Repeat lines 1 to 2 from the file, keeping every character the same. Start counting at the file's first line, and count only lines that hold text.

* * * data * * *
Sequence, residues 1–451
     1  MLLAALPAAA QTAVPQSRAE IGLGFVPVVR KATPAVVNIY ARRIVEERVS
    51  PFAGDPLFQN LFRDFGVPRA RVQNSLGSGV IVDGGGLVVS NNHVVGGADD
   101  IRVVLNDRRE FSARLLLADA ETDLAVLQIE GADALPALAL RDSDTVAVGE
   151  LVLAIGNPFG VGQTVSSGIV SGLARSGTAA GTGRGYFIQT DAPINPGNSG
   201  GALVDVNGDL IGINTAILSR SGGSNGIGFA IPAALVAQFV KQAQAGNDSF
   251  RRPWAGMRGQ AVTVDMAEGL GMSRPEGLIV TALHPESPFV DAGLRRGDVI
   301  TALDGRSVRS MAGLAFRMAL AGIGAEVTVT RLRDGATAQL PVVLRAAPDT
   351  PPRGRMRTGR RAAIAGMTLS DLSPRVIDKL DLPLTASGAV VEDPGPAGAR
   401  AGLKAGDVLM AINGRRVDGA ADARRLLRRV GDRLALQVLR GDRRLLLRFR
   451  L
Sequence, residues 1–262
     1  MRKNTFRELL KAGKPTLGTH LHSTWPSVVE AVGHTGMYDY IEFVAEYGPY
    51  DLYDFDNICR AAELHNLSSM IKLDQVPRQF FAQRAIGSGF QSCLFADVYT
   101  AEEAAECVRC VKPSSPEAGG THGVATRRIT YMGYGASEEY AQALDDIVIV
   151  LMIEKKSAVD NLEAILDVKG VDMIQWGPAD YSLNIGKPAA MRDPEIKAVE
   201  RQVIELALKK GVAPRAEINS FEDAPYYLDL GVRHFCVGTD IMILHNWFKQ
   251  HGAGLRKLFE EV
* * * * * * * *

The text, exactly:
Sequence, residues 1–451
     1  MLLAALPAAA QTAVPQSRAE IGLGFVPVVR KATPAVVNIY ARRIVEERVS